And so what we found in our investigation, which involved not just a statistical analysis of the loans that they did in Illinois, but it also involved us looking at what were the policies in place when somebody came in, we learned by talking to brokers and various other Countrywide employees that they were given the discretion to be able to, you know, decide what the interest rate was going to be, what the fees were going to be, what the terms were going to be.
And, in fact, there was a company policy that gave Countrywide employees an incentive to put people into higher-interest loans with these toxic features, so, therefore, those loans are more likely to go bad and end up in foreclosure.
JEFFREY BROWN: So, not written down as a rule, clearly, but understood by the brokers?
LISA MADIGAN: Right, because there was no financial incentive for the brokers to actually put somebody into a prime loan if they could put somebody into a subprime loan.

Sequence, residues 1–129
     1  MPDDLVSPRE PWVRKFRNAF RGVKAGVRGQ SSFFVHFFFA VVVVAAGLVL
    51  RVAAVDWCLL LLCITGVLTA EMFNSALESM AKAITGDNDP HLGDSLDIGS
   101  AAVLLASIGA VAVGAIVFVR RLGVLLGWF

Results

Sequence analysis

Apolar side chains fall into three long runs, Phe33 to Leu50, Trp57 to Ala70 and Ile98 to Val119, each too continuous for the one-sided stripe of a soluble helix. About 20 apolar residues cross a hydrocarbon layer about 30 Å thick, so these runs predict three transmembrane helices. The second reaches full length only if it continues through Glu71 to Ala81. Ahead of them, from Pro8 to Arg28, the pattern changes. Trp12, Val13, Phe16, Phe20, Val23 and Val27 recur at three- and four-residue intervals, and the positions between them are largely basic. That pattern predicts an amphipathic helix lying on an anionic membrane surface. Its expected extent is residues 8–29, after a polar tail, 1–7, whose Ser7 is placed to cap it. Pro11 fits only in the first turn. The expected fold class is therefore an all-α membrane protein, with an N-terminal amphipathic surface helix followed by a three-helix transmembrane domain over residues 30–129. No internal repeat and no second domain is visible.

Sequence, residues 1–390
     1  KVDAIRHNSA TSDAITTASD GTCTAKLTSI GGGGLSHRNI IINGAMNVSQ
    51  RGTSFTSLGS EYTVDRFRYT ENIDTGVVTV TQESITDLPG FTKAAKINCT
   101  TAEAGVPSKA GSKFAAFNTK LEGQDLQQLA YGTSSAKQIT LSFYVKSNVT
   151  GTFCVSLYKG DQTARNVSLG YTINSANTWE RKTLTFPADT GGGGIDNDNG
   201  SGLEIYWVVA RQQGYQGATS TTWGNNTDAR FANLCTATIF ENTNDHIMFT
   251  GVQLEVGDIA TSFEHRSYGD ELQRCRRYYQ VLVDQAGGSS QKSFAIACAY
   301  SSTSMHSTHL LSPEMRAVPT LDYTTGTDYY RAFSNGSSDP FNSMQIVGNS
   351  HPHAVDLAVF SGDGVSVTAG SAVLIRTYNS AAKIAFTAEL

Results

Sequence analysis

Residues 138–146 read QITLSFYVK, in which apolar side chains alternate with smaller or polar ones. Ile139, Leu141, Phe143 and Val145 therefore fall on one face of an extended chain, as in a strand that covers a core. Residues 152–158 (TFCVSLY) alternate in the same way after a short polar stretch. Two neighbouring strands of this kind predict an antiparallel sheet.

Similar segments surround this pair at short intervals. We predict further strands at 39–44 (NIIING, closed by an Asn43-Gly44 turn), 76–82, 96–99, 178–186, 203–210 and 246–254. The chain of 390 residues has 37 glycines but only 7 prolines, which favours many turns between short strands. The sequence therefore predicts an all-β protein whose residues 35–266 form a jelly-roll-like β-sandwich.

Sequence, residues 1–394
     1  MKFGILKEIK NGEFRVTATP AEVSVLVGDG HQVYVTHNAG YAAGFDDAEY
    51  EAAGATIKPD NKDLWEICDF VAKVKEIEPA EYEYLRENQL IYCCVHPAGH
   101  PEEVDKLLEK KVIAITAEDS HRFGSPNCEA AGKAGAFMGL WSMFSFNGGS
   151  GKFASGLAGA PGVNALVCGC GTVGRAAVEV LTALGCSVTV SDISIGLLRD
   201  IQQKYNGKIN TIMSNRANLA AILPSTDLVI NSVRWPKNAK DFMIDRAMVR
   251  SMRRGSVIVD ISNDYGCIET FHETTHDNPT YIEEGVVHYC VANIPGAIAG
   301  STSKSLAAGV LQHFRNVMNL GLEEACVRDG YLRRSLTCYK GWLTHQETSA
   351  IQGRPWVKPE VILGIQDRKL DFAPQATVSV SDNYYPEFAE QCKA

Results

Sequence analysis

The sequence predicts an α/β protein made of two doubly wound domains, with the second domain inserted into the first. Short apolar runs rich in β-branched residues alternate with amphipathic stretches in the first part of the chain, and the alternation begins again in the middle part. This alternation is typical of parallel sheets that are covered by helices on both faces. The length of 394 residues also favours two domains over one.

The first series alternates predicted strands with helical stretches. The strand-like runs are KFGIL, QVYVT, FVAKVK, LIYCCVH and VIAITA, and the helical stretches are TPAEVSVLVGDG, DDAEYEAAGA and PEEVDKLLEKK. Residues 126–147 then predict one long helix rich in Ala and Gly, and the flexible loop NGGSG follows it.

The compensation structure was such that you would make more money if you put people into a poor-quality, higher-priced loan.
JEFFREY BROWN: Now, these were the bubble years. Now we know them as the bubble years.
LISA MADIGAN: Sure.
JEFFREY BROWN: Put this into the larger context of what was happening in the housing market and the role that Countrywide played.
LISA MADIGAN: Well, Countrywide at the time during the height of the housing bubble was the largest lender of every type of mortgage product in the country.
And it really changed from – you know, in one year, they might have been doing 19 percent adjustable-rate mortgages, I believe, in 2003. In 2004, the number was 49 percent. And these adjustable rate mortgages were the real toxic ones. They were – you know, people got in at lower rates, and then they just exploded. And people were never qualified to even start with sometimes the loans when they got them at the lower rate to pay at the higher rate.
But what we found from looking at over 82, 83,000 loans that were originated in Illinois between 2005 and 2007 was that, if you were African-American or Latino, you were three times as likely to be put into a subprime loan than if you were a similarly credit-situated white borrower.